“Feltner is a great resource, as he knows how to start a clinic from the ground up and how to make it successful,” Laurie Dondelinger, marketing director at Kohll’s Pharmacy, wrote in her nomination. “For example, when Zostavax first came out, Feltner’s single clinic administered 2000 doses in just 2 weeks. Feltner has been so successful with the Omaha clinic that Kohll’s is opening 6 more international travel vaccinations (clinics), all under Feltner’s direction and supervision.”

It was his interactions with a patient, Lillian, that led him to become a national vaccine speaker for Merck Pharmceuticals with the aim of encouraging vaccine administration among pharmacists. A woman in her late 80s, Lillian took only a few minor medications.

“One regular trip to the pharmacy, Lillian noticed a sign about the shingles vaccine,” Dondelinger wrote. “Lillian asked Marty about it and its cost. She discovered it would cost her $90 after insurance coverage, so she declined the vaccine. About 2 weeks later, Lillian got shingles and passed away a year and a half later.”

Dr. Feltner’s work as a vaccine speaker ties into his commitment to prevent or decrease avoidable disease in patients and in pharmacy staff. His Corporate Wellness programs saw local success, and later spread to other locations within Kohll’s Pharmacy. His approach to community wellness had him offering free diabetes and cholesterol screenings throughout the year.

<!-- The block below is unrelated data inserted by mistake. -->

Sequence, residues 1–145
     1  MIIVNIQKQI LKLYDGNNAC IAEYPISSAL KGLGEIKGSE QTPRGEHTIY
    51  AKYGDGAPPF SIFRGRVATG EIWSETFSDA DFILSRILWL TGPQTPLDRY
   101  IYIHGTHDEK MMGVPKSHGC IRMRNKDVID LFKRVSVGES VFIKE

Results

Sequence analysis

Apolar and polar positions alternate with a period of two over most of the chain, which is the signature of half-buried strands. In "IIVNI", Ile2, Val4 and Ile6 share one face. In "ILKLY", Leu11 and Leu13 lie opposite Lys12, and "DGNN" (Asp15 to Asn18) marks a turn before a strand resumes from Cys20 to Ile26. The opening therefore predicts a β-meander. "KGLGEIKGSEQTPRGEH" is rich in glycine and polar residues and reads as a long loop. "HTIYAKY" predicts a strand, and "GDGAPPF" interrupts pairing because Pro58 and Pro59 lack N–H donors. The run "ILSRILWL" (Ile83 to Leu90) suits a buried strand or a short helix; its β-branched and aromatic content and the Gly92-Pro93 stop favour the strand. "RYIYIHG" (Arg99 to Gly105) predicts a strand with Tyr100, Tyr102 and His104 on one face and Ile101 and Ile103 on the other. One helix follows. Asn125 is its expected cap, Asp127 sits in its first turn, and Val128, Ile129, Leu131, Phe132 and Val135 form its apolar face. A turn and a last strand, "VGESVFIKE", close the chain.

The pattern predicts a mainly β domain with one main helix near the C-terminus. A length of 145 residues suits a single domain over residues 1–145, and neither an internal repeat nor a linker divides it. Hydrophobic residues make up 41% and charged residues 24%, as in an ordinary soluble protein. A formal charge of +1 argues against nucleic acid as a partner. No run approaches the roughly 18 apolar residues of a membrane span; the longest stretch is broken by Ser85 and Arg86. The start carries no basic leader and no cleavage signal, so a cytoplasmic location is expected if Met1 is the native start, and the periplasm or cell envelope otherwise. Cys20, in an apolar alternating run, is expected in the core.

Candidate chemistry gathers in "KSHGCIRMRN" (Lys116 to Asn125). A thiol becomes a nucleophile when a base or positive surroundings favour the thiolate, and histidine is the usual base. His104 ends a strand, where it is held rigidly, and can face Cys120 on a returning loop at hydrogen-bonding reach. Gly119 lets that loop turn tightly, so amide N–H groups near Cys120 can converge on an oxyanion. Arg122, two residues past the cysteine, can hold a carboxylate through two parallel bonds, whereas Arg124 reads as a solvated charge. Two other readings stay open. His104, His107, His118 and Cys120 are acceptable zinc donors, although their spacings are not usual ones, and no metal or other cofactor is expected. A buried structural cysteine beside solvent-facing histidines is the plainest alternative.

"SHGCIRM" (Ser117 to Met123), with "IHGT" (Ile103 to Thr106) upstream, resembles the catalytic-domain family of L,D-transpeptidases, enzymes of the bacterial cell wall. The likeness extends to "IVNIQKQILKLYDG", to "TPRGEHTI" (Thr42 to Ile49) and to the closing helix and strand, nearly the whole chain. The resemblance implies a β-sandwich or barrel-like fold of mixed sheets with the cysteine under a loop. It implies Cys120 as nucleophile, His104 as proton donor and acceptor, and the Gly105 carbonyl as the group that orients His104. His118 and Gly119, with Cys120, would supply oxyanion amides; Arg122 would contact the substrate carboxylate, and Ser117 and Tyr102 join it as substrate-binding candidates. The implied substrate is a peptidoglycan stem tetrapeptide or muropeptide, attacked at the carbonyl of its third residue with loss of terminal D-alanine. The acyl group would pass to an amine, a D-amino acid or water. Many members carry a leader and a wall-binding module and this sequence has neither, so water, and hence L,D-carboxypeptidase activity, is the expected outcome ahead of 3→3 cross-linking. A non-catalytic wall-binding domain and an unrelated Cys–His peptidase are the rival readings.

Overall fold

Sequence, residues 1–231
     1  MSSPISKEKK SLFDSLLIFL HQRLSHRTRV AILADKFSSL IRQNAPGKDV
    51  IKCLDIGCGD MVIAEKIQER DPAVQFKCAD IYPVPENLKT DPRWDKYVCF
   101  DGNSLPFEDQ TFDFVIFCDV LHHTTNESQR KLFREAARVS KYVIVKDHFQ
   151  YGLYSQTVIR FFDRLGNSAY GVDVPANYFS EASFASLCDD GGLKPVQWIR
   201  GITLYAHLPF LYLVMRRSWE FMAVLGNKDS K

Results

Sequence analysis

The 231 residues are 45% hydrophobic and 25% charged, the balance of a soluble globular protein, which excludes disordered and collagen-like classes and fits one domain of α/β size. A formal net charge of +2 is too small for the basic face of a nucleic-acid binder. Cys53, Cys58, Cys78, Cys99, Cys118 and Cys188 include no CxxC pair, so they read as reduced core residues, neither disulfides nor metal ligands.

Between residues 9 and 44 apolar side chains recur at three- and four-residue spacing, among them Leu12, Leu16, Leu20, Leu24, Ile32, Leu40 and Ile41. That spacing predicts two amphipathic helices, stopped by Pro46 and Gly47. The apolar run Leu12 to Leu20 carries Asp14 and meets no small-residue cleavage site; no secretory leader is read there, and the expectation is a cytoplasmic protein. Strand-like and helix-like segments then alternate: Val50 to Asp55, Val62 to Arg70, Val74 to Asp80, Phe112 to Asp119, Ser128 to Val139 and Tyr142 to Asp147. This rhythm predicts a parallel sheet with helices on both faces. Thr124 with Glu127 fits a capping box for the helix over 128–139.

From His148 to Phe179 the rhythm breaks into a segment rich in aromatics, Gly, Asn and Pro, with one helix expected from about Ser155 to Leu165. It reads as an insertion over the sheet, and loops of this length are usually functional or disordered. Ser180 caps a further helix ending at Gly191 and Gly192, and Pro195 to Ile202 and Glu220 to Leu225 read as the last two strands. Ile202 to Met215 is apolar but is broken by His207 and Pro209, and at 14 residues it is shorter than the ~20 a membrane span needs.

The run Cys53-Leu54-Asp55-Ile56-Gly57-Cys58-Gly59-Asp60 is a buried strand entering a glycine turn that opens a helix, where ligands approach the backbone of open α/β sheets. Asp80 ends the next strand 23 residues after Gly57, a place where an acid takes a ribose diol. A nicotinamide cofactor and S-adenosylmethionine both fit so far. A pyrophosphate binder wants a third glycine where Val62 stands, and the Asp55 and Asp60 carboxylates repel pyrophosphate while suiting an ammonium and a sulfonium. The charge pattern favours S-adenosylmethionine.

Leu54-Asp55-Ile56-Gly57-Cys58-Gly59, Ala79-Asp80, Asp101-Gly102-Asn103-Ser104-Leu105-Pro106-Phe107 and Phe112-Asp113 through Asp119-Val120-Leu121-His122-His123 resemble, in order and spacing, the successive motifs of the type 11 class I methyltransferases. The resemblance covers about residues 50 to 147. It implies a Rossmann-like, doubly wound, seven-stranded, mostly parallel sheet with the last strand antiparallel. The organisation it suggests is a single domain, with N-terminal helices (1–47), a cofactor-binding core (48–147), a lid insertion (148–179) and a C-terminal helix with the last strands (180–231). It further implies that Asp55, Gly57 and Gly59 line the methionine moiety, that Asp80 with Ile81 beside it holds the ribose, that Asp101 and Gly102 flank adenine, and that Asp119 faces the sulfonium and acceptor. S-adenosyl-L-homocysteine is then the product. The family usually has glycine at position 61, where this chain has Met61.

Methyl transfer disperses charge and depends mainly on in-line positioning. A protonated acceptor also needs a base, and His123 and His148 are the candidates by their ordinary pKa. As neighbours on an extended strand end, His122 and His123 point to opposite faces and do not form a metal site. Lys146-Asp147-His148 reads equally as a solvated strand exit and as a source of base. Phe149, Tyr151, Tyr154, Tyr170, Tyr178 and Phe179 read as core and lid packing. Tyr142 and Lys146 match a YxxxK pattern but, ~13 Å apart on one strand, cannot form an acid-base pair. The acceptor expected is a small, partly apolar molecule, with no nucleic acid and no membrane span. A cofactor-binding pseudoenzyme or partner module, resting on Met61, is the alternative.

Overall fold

Dr. Feltner’s vow to provide better patient care is not limited to special events. His recognition of the needs of vision-impaired patients led Kohll’s to incorporate talking prescription label readers. As a practitioner with Programs of AllInclusive Care for the Elderly (PACE), he works with patients, physicians, and nurses.

“Many of the PACE doctors, nurses, and staff have complimented Marty on his job well done, and enjoy working with him,” Dondelinger wrote. “His focus is patient care, and it shows.”

Military Pharmacist of the Year

Military Pharmacist of the Year

MAJ Debra Cosby, PharmDBrooke Army Medical Center Houston, TX

To MAJ Debra Cosby, all pharmacy training should incorporate leadership and collaboration with other health care professionals.

Her commitment to leadership, courtesy, and collaboration extends beyond her post as assistant chief of pharmacy at Brooke Army Medical Center. In addition to supervising 9 clinical pharmacists there, she also supervises the training of introductory and advanced PharmD interns, including those who are active-duty pharmacists.

“Residents are challenged through their training to develop sound and evidence-based clinical judgment that will prepare them to assume positions in direct patient care,” Deputy CMDR Thirsa Martinez wrote in her nomination. “She strives to instill leadership as a professional obligation from the technician to the resident-level learner.”